Japanese volunteers were not allowed to perform some of the medical treatments like injection because we only had a nurse license valid in Japan. The nurses working with me in the hospital were proud of themselves as a nurse. They were like, “Why don’t you do medical treatments?” Our roles were not told to them correctly, so we were in a tough situation to operate.

From the start I wanted to be involved in the health enlightenment activity to let people know about the physical body to prevent diseases by themselves rather than undergoing treatment after being sick. After a year passed, I started health education at a school in parallel with the activity at the hospital as I wanted to do it for children. The school principal was more forthright than I expected. She accepted me immediately and she said to me, “Could you do it? Sure!”

What I taught there were basic things like washing hands and teeth brushing. There were no such habits instilled among Paraguayans and 90 percent of children had a bad tooth by research. The children were meek and welcomed me, so I was like half a teacher and I enjoyed the time very much.

Paraguayan kids. They have good smiles!

Did you think about working locally at an international NGO or NPO there?

I didn’t think so when I engaged in JOCV. I was aware of an atmosphere that the Paraguayan people help each other to spend life together. They know very well about their government, cultures, and history. I was asked about Japan many times. It made me realize things I have never thought about. I had thought of myself as simply being in the field of health and medical treatment. Nevertheless, while living in Paraguay, I learned that the cause of harm to human health was not only related to health and medical treatment, but complicated problems like education, economics, and so on. So, I then thought that I would like to be involved in the activities which are not particular to the health and medical fields.

You returned to Japan because you wanted to do a wide range of work.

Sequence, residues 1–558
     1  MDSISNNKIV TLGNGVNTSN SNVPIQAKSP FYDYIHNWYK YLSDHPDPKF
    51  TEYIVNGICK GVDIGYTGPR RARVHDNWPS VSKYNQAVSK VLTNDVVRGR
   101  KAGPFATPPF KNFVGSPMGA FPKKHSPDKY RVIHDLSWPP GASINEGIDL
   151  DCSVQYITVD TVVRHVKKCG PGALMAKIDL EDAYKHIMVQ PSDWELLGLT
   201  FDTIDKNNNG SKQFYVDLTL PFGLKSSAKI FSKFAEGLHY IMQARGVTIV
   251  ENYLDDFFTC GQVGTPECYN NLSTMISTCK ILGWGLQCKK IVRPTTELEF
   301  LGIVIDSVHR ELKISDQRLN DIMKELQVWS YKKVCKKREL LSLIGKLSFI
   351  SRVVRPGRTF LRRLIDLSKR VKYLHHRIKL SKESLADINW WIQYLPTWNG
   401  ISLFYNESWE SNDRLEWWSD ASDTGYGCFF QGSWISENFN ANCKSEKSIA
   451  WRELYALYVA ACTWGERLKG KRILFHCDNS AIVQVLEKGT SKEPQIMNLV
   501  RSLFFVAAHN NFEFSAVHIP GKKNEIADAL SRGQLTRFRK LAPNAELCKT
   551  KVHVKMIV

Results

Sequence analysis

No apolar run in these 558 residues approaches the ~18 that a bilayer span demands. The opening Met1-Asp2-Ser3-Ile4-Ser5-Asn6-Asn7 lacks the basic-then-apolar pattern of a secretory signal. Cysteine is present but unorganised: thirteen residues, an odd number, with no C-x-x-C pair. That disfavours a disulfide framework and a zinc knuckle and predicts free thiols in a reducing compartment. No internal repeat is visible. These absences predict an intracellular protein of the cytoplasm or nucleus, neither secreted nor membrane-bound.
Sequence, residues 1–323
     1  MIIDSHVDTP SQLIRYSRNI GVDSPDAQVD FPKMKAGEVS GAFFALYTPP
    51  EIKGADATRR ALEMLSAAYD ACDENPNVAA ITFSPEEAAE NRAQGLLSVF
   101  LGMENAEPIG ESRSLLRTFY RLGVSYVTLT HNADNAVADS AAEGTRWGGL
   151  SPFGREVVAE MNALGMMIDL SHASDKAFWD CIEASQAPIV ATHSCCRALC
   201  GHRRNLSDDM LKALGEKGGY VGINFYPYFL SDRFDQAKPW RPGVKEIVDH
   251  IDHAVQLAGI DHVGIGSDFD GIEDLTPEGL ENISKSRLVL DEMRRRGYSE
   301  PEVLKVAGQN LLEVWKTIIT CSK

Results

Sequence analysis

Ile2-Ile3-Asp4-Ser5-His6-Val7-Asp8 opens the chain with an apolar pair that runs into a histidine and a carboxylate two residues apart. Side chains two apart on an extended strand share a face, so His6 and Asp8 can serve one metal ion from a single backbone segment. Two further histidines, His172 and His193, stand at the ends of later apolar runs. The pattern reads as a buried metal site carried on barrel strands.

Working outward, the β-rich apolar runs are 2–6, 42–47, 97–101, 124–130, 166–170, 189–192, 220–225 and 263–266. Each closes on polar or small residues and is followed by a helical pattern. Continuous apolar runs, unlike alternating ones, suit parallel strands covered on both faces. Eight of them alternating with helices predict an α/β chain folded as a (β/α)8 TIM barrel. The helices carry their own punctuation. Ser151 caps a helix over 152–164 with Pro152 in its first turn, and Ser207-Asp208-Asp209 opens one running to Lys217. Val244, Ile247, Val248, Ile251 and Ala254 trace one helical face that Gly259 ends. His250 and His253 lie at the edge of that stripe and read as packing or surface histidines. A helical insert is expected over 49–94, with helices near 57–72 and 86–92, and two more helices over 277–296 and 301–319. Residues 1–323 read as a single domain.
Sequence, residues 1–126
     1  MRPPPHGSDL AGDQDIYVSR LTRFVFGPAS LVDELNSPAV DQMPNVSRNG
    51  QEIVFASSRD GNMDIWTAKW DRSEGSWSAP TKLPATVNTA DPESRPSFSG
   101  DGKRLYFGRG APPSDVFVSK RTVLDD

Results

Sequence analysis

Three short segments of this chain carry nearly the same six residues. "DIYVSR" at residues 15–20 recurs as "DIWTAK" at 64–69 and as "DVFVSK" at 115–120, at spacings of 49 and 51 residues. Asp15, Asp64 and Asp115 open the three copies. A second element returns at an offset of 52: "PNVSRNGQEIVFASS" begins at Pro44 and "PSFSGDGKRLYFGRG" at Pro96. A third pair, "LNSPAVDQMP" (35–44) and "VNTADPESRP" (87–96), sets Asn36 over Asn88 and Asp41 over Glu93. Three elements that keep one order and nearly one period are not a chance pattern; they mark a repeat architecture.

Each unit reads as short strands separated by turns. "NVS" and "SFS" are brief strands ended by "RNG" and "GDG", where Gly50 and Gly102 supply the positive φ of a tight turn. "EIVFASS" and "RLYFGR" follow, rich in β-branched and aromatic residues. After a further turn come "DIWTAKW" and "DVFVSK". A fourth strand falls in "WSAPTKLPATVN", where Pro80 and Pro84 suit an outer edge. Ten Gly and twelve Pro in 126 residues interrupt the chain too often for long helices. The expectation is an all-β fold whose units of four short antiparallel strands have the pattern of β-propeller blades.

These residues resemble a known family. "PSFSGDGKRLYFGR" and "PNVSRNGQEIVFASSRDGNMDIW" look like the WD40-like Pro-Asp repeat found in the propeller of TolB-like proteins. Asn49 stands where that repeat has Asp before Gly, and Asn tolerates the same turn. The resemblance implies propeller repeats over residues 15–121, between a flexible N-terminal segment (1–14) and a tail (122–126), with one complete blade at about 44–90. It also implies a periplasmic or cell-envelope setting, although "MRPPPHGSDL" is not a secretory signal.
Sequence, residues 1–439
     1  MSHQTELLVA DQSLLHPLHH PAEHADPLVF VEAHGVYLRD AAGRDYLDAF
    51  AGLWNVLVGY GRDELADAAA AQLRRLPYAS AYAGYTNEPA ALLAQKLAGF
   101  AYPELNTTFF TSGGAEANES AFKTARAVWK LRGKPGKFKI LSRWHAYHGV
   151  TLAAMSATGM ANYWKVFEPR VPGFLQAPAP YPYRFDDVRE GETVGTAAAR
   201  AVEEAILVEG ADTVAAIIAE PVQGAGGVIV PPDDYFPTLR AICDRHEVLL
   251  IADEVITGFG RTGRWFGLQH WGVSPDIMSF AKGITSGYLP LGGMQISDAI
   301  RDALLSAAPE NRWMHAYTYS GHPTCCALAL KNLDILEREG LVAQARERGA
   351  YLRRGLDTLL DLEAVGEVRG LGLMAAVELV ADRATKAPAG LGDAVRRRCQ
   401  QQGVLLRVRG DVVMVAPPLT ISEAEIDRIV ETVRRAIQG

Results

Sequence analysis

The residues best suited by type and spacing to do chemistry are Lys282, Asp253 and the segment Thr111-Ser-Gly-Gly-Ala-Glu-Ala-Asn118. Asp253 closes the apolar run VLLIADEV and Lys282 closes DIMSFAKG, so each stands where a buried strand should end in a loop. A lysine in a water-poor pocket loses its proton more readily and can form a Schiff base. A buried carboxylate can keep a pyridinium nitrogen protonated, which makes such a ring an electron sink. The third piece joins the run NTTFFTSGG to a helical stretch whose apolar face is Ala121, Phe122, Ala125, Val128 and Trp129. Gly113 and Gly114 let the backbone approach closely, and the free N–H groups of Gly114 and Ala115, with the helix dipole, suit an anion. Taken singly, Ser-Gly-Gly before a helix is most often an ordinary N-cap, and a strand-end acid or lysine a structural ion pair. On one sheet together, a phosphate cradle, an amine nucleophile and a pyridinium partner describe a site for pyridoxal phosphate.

Yes. I considered what I would do next. I imagined that it would not be easy for an inexperienced person to join an NGO, so I participated in the internship of an NGO for half a year, which was mainly for emergency support.

JVC publishes the profiles with photos of staffs at the local offices. This is the one from the local office in Cambodia.

After that, while job hunting, I accidentally found a vacant post at JVC.

I dug it up and the organization was highly transparent, and I got a favorable impression that it is “visible” as they publish their staff profiles, so I decided to apply for JVC. Surprisingly, there are not many NGOs which make staff photos public.

Furthermore, few of them introduce their local staff as JVC.

I applied for the post of the Sudan project at the Tokyo office, but as a matter of fact, I was not strongly particular about Sudan. Well, I originally didn’t have any preference about region or issues.

That comes from my thought that I want to support people suffering from uncontrollable artificial matters like politics and authority.

Soon after that, you were assigned to the Palestine project.

I spent half a month on orientation activities and suchlike, and then suddenly I was assigned to be transferred to Palestine for two months. After returning to Japan, the President and Secretary General called me, and I was tensely like, “What? Fired? I made a bad break?” They sounded me out on the idea of taking over the Palestine project in Tokyo. I took it upon myself.

I had been considering working locally, but for the sake of my family, I decided to stay a while in Japan. However, while working at JVC, I feel working locally is not the only way, but I can give several kinds of supports from Japan, and it is also important. Working overseas is not the sole job for me.

I now think back on what I have done, and I notice that I unintentionally spent two halves of my working term each working at the Japan office and overseas.